Canada Day 2007

Once again, it’s Canada Day, that day of the year when Canadians shed their normally reserved patriotism1, scour their wardrobes for something red, and overtly celebrate all things hoserish. (Surprisingly I have not a single article of red clothing, so I settled for showing my love of my country by having a large Timmy’s double-double and listening to Rush.)

Today is Canada’s 140th birthday. Like most Canada Days in Ottawa, it looked all day like it was on the verge of dumping a foot of rain. Unlike most, it didn’t.

I believe this is the first time I have been in Ottawa on Canada Day on a Sunday. The last time July started on Sunday was 2001, but I think I was out of town that weekend. So it has been a fairly low-key day for me: I attended church, spent a little while downtown to take in the sights, watched some TV, and wrote this blog.

But the day started with a bang. Wanting to avoid heavy downtown traffic, crowds, and overfull buses, I decided to attend church at our satellite campus. Unfortunately, I discovered too late that the only short route to my bus stop had become a crime scene – it was blocked off with police tape thanks to a triple homicide. So I had to go well out of my way to get around it: what should have been a 5-minute walk took more than 10. Naturally, I missed the bus. So I opted to brave downtown and go to a later service, since I could at least get to it on time.

Every Canada Day, I like to write up a brief sketch of a Canadian patriotic song. I’ve been through our national anthem, a song that almost became it, and a song from Nova Scotia, where my family comes from. This year I’ve decided to do something a little closer to home.

In 1967, the government of Ontario wanted a catchy jingle to promote the province at Expo ’67’s Ontario Pavilion. They commissioned Richard Morris and Dolores Claman the lyrics and the score, respectively2. The outcome was “A Place to Stand, A Place to Grow”:

Give us a place to stand and a place to grow

And call this land Ontario

A place to live for you and me

With hopes as high as the tallest tree

Give us a land of lakes and a land of snow

And we will build Ontario

A place to stand, a place to grow


While the “Ontari-ari-ari-o” chorus is decidedly corny, the song was surprisingly popular: as a 45 rpm record, it sold over 50,000 copies, and has been revived once or twice in recent years to promote Ontario tourism, which says something about its popularity. It has even been proposed as an official provincial anthem. Back in Grade 1, in the early 1970s, I was taught “A Place to Stand” in school. I’m sure, judging from the modified lyrics we learned, it was intended to teach a little bit of local geography as well as patriotism. The song is probably hard-wired into the mind of any Ontarian older than 35.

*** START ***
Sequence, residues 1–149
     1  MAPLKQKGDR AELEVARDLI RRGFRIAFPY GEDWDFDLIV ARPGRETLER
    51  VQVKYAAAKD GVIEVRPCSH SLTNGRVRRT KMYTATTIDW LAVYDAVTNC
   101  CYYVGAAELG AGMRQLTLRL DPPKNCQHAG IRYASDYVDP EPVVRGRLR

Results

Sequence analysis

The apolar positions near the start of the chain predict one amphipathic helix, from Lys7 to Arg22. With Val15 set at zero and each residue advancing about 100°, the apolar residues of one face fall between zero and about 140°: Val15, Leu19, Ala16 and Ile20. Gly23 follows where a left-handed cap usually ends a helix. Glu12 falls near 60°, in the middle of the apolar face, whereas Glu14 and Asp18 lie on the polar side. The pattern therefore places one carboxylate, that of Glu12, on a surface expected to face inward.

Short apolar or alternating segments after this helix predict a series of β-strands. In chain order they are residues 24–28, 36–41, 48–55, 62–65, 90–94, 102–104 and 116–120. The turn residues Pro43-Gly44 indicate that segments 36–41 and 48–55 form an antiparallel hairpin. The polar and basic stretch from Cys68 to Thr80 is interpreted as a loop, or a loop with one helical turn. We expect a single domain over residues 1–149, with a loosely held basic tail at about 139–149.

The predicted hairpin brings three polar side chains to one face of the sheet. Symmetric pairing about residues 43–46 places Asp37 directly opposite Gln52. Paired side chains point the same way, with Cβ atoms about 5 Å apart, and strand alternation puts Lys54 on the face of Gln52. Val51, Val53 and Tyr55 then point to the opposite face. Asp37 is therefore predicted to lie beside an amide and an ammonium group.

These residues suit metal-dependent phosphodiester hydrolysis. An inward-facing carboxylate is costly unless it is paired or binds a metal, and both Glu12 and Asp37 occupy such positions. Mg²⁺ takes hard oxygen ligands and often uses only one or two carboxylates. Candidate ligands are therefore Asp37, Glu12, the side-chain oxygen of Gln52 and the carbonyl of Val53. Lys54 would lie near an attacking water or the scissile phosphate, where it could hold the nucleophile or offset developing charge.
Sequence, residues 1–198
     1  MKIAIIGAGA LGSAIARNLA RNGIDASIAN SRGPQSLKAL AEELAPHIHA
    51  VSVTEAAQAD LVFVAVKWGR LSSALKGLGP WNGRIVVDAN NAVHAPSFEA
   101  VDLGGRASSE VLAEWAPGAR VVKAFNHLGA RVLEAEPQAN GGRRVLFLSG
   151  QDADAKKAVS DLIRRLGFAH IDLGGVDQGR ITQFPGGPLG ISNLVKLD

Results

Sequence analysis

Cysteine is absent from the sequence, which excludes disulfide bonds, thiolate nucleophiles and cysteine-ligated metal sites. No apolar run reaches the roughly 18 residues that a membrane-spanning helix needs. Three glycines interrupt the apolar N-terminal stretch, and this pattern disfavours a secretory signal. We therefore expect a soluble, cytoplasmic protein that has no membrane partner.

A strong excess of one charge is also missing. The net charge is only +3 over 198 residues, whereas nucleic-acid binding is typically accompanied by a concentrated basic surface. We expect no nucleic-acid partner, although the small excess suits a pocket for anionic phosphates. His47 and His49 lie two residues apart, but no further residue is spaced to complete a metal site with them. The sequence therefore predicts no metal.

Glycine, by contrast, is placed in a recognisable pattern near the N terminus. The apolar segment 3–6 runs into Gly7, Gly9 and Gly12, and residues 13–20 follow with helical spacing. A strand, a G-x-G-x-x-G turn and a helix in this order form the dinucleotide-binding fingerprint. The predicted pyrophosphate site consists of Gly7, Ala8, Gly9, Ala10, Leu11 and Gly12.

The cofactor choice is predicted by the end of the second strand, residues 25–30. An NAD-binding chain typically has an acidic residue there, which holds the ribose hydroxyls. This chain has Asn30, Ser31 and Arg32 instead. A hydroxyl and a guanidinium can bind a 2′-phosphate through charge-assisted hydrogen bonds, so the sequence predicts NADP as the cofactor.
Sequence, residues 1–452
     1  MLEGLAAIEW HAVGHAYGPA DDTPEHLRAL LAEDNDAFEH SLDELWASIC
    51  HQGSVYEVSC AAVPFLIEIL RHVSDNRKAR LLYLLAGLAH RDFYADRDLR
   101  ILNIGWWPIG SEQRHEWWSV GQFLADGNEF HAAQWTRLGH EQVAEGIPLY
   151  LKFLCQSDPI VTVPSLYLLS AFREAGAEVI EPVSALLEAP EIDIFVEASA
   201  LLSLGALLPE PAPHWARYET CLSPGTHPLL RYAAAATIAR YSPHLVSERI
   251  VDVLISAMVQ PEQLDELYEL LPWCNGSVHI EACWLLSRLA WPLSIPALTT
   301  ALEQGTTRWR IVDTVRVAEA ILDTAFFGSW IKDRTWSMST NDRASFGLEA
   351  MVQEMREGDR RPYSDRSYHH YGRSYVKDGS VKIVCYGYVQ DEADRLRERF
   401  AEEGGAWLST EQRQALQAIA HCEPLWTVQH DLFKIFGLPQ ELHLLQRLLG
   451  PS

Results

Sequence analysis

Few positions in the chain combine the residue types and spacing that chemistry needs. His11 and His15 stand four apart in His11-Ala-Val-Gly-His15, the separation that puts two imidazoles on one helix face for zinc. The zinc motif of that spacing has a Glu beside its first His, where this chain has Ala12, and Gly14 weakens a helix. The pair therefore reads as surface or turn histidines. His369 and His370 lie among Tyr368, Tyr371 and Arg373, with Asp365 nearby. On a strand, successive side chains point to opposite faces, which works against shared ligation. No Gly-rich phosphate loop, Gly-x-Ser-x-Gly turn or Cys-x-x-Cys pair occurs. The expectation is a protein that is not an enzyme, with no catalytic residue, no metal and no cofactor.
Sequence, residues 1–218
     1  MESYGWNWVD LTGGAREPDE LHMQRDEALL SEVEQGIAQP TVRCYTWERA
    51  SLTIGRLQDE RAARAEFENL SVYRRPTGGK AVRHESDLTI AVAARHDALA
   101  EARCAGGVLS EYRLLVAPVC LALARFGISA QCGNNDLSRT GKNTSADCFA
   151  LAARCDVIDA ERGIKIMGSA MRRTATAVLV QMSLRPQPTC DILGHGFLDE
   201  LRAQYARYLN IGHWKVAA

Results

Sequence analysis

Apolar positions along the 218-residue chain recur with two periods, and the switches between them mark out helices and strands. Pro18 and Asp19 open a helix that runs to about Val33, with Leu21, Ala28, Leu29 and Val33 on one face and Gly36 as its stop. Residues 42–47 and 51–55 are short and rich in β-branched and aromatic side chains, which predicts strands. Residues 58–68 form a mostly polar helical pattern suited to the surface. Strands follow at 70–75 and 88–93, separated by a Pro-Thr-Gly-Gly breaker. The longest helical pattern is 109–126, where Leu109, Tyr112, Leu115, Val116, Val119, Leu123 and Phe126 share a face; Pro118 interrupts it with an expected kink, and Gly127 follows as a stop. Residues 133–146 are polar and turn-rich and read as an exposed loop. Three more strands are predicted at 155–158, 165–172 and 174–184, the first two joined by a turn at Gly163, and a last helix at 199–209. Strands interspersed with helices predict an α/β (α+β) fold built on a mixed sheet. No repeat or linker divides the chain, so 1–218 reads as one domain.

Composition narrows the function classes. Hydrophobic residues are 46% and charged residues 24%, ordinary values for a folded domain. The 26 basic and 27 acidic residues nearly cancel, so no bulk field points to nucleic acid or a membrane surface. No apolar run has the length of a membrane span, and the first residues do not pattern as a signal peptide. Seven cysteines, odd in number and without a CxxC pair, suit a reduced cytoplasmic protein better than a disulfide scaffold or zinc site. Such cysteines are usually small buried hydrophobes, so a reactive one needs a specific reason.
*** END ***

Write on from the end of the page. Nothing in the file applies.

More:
“A Place to Stand, A Place to Grow” was featured in the short film A Place to Stand, by Christopher Chapman. It is best known for its “multi-dynamic image technique” – a fancy word for multiple split screens all simultaneously showing different images. The film won the 1967 Oscar for Best Live Action (Short Subject). Steve McQueen was supposedly so fascinated with the technique that it was incorporated into his next film, The Thomas Crown Affair. Today the effect is an indispensible aspect of the style of 24. An excerpt from the film was used as a tourism commercial:

Previous Canada Days:


1 Overtime footnote: Apart from hockey playoff season, anyway.

2 Double overtime footnote: Claman’s biggest claim to fame came later: she penned the other official Canadian anthem, the theme to Hockey Night in Canada.


2 Responses to Canada Day 2007

  1. Denzil FEINBERG says:

    Thanks for your useful web-searched “Bilingual O Canada Anthem”.

    What seems mostly sung here in Ottawa (my new home city after 29 years in Winnipeg) is a mix of English with 2 lines of French. I have not yet found this. Can you help please?

    I’d learn it & try to get my Rotary West Ottawa Club to sing it instead of just English.

    Thank you.


    Ph 231-5915

  2. Ransom says:

    Hi Denzil.

    I don’t know what help I can be. Although the English and French versions of “O Canada” are both official, there isn’t an official bilingual version that blends the two.

    Typically, what you will hear (for example, at hockey games) is two lines of English, then two of French (starting with “Car ton bras . . .”), then back to English again from “God keep our land” to the end, pretty much as you describe.

    I would personally guess that the reason you hear the bilingual anthem in Ottawa is simply that it is the nation’s capital, and thus semi-officially bilingual (even though Ontario is officially English).

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